So at this point you also need to think about what jobs your customers are hiring your product to do. “Jobs to be Done” is a framework first discussed by Clayton Christensen in this paper and made prominent by Bob Moesta (there’s even an entire Medium publication dedicated to it here).

Harvard Business School marketing professor Theodore Levitt summarised it best when he said:

“People don’t want to buy a quarter-inch drill. They want a quarter-inch hole!”

So what problems are your customers trying to solve with your product? What job is your product being hired to do?

As well as the main jobs to be done, there will also be related jobs the customer wants to fulfil at the same time.

Within those jobs, there will be functional aspects (practical and objective requirements) and emotional aspects (the subjective customer requirements related to feelings and perception).

For example of jobs to be done in the real world:

Customers hire Intercom to communicate with their customers.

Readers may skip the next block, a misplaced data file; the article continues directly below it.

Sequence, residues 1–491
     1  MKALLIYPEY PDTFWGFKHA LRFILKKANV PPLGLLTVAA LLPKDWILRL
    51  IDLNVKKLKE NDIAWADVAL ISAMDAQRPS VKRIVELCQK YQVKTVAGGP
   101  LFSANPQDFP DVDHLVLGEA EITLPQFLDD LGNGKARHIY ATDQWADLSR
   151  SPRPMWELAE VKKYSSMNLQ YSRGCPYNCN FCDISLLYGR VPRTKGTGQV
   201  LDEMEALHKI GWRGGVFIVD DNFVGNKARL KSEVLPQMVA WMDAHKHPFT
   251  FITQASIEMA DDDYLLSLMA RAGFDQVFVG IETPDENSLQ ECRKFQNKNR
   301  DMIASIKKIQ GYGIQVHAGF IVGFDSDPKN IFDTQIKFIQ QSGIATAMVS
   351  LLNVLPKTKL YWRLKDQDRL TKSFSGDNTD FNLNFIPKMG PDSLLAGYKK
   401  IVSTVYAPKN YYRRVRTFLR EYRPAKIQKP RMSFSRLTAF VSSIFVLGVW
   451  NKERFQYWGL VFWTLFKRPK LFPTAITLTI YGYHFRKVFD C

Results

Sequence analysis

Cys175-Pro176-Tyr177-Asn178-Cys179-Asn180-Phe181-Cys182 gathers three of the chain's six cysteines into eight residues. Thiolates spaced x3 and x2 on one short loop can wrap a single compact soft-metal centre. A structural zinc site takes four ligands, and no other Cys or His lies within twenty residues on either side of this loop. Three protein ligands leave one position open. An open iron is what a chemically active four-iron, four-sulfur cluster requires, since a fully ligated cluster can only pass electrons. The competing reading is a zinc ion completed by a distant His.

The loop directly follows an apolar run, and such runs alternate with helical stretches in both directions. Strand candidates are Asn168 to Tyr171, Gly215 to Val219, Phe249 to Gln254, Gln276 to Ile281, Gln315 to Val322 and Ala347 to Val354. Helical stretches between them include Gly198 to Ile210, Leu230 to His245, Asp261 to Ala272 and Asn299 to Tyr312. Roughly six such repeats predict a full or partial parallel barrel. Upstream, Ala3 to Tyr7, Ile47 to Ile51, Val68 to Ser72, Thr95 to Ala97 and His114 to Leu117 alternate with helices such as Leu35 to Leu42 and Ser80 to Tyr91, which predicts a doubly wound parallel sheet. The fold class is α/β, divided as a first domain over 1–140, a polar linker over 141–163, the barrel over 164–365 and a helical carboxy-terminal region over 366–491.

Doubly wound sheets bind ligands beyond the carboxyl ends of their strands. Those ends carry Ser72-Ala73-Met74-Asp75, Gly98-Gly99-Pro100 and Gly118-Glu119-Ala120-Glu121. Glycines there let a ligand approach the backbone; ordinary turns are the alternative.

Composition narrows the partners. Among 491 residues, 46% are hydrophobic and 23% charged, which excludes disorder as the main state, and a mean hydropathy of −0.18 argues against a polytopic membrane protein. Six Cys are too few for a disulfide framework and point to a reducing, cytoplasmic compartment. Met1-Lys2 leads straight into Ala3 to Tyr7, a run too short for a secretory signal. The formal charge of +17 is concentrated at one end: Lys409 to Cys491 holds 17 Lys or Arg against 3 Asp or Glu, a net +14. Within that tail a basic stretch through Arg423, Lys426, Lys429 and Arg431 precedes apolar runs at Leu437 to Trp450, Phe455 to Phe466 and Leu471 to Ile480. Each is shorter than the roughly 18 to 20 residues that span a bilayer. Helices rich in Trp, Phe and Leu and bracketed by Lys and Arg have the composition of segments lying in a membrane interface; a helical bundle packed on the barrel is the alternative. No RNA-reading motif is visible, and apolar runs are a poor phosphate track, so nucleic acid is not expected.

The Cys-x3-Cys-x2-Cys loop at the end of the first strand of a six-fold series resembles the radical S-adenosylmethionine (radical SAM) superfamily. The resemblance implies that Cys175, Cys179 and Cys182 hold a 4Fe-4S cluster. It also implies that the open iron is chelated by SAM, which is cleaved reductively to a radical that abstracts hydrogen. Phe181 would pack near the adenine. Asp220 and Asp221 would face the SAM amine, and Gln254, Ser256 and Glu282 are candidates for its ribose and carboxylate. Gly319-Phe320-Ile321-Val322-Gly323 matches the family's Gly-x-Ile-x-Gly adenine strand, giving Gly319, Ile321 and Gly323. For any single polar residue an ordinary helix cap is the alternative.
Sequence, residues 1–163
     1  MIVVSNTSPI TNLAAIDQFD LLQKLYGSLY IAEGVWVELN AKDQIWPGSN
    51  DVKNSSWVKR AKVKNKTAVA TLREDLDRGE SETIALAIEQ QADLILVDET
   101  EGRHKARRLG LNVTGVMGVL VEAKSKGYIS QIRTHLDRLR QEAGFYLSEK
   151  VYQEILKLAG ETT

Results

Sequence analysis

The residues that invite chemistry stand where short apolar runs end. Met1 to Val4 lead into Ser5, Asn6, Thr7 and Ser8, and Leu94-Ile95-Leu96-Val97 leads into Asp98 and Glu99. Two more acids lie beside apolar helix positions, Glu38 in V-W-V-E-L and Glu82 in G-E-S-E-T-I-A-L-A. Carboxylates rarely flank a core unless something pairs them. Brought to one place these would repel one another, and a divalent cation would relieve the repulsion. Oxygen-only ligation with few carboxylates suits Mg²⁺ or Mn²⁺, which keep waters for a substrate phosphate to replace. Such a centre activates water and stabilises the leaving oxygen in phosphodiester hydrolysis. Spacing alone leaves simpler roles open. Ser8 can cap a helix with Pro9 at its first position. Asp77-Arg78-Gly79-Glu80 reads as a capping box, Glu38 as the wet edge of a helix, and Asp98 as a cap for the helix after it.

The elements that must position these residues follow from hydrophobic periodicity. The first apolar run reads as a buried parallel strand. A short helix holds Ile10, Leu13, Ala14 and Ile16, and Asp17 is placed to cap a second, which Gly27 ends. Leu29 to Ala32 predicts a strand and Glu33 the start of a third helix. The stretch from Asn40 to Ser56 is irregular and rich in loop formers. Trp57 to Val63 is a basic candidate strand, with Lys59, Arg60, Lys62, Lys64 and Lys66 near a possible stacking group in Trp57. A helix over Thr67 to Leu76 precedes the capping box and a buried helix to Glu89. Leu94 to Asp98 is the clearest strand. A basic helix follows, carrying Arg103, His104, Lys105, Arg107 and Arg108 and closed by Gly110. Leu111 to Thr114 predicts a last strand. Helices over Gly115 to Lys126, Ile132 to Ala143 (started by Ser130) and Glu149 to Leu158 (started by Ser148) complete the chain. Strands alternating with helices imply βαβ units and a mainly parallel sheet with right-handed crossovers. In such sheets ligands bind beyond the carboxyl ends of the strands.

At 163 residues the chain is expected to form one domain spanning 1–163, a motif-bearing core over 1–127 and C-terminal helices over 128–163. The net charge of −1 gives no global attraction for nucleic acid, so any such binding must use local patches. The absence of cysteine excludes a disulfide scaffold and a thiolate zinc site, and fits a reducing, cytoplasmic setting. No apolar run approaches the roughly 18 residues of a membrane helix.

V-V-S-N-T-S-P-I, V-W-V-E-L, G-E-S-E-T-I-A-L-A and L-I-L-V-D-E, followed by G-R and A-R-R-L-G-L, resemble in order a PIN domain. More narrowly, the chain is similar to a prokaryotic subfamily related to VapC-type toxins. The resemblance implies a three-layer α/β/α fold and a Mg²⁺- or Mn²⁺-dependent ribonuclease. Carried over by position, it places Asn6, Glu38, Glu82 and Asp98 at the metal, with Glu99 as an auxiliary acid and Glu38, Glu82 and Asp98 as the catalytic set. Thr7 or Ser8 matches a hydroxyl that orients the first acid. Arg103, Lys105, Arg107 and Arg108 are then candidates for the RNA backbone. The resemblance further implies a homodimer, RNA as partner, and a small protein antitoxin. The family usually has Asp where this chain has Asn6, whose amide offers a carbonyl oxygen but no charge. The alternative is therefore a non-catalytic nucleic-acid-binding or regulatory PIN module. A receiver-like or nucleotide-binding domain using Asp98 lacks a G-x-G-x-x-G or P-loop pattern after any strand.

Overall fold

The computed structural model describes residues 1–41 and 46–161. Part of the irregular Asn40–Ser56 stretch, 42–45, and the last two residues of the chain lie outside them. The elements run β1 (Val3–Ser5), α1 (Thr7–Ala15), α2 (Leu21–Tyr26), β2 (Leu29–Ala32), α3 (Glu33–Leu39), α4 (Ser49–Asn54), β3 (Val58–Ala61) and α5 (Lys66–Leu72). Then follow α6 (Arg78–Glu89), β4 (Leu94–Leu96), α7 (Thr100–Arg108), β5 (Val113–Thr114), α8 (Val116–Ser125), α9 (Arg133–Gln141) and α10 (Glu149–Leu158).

But Intercom realised early on that companies want to communicate with their customers in different ways, and at different stages of the customer lifecycle.

So rather than breaking down their different products into features, they’ve broken them down into jobs:

  • Acquire (for acquiring new users with live chat)
  • Engage (for engaging users to help them get the most out of the product)
  • Resolve (for managing help requests)
  • Educate (to help customers learn more about the product themselves)

This helps prospects understand which combination of Intercom’s products they need to hire to get their particular job done.

They’re so committed to jobs-to-be-done they’ve even written an entire book about it — it’s definitely worth a read before you start sketching out your product’s jobs yourself.


Now you know who your customer is, what job they’re hiring your product for, and the brand you want to convey — it’s time to develop your messaging.

This is the story you want to tell in all your communication — to your investors, to your customers and to your team. It will appear in your pitch decks, on your website and in the press.

There are several different elements to crafting your messaging, but there should be one single objective you are trying to convey in all your communications.